Diethyl Difluoromethylphosphonate

[1478-53-1]  · C5H11F2O3P  · Diethyl Difluoromethylphosphonate  · (MW 188.11)

(precursor for the introduction of (EtO)2P(O)CF2- and =CF2 groups into organic compounds)

Preparative Methods: prepared by the reaction of sodium diethyl phosphite with Chlorodifluoromethane in hexane (49% yield)1 or in THF (77% yield);2 or generated in situ from diethyl bromodifluoromethylphosphonate and BuLi.3

Reaction with Carbonyl Compounds.

Deprotonation of diethyl difluoromethylphosphonate with Lithium Diisopropylamide at -78 °C gives the carbanion (eq 1) which is only stable at or below -78 °C.2 Reaction of the carbanion with aldehydes and ketones at -78 °C, followed by decomposition (heating THF solution) of the intermediate, gives the corresponding 1,1-difluoroalkenes (eq 2).2,4 The intermediate can be trapped by electrophiles, such as proton2,5 and acid chlorides,6 to form the corresponding phosphonates.

Reaction with Alkyl and Allyl Halides and Alkyl Triflates.

The carbanion of diethyl difluoromethylphosphonate also reacts with alkyl halides,2,7,8 alkyl triflates,9 oxalate,10 and allyl bromide2 to form the corresponding 1,1-difluoro phosphonates (eq 3).

Reaction with Other Electrophiles.

The carbanion of diethyl difluoromethylphosphonate can be trapped with Chlorotrimethylsilane or trialkylchlorostannanes to produce the corresponding trimethylsilylated and trialkyltin-substituted 1,1-difluoro phosphonates (eq 4).2

The carbanion also reacts with diethyl chlorophosphate or benzoyl chloride to give the corresponding a,a-difluoro bisphosphonate and b-ketophosphonate, respectively (eq 5).2,11,12 Treatment of the carbanion of diethyl difluoromethylphosphonate with Carbon Dioxide at -78 °C leads to the formation of the carboxylic acid (eq 6). The thiocarboxylic acid is formed by a similar reaction of the carbanion with Carbon Oxysulfide (eq 6).13 The carbanion reacts in a 1,4 addition with 4-chloro-b-nitrostyrene to give the nitro phosphonate (eq 7).14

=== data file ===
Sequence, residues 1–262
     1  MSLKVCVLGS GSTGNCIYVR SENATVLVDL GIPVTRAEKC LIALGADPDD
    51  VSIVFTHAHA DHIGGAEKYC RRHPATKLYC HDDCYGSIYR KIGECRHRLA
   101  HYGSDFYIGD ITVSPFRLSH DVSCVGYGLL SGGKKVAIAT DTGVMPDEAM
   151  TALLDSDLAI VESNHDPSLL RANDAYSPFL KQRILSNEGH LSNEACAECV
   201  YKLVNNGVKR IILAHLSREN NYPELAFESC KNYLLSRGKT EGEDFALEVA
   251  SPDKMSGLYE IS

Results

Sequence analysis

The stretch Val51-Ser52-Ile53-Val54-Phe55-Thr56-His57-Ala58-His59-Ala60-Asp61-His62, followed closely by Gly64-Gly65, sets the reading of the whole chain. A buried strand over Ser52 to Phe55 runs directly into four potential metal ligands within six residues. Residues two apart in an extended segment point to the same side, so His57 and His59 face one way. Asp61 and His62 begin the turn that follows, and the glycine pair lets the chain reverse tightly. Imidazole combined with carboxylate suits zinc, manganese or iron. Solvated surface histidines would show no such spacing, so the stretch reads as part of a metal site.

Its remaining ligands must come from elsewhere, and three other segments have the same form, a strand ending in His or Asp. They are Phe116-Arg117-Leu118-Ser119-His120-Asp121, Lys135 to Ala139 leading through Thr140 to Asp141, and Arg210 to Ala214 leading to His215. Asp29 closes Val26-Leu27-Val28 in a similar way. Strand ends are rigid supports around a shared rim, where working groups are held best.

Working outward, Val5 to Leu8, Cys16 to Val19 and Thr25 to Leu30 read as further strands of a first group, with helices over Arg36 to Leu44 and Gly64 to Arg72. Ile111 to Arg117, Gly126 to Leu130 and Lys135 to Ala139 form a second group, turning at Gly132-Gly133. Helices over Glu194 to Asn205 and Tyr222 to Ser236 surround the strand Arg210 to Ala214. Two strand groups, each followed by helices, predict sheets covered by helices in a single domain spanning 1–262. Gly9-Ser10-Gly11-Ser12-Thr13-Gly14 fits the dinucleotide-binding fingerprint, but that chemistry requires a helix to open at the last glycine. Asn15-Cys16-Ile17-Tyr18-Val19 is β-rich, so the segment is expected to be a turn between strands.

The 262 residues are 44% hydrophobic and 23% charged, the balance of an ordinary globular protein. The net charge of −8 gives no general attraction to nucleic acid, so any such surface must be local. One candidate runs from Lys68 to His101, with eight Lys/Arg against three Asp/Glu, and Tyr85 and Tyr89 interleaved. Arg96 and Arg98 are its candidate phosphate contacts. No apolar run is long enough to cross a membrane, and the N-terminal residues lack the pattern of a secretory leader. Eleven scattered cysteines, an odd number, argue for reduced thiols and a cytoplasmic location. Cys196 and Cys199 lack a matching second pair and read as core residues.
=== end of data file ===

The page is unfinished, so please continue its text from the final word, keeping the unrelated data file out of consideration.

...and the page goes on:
1. (a) Soborovskii, L. Z.; Baina, N. F. JGU 1959, 29, 1115. (b) Bergstrom, D. E.; Shum, P. W. JOC 1988, 53, 3953.
2. Obayashi, M.; Ito, E.; Matsui, K.; Kondo, K. TL 1982, 23, 2323.
3. Sprague, L. G. Ph.D. Thesis, University of Iowa, 1986.
4. (a) Burton, D. J.; Yang, Z.-Y. T 1992, 48, 189. (b) Sagami Chemical Research Center Jpn. Patent 57 142 926 (CA 1983, 98, 34 296).
5. Halazy, S.; Gross-Berges, V. CC 1992, 743.
6. Martin, S. F.; Dean, D. W.; Wagman, A. S. TL 1992, 33, 1839.
7. (a) Halazy, S; Ehrhard, A.; Danzin, C. JACS 1991, 113, 315. (b) Bigge, C. F.; Drummond, J. T.; Johnson, G. TL 1989, 30, 7013.
8. Kim, C. U.; Luh, B. Y.; Misco, P. F.; Bronson, J. J.; Hitchcock, M. J. M.; Ghazzouli, I.; Martin, J. C. JMC 1990, 33, 1207.
9. Wolff-Kugel, D.; Halazy, S. TL 1991, 32, 6341.
10. Phillion, D. P.; Cleary, D. G. JOC 1992, 57, 2763.
11. Biller, S. A.; Forster, C.; Gordon, E. M.; Harrity, T.; Scott, W. A.; Ciosek, C. P., Jr. JMC 1988, 31, 1869.
12. Biller, S. A.; Forster, C. T 1990, 46, 6645.
13. Blackburn, G. M.; Brown, D.; Martin, S. J. JCR(S) 1985, 92.
14. Howson, W.; Hills, J. M.; Blackburn, G. M.; Broekman, M. BML 1991, 1, 501.

Donald J. Burton & Weiming Qiu

University of Iowa, Iowa City, IA, USA

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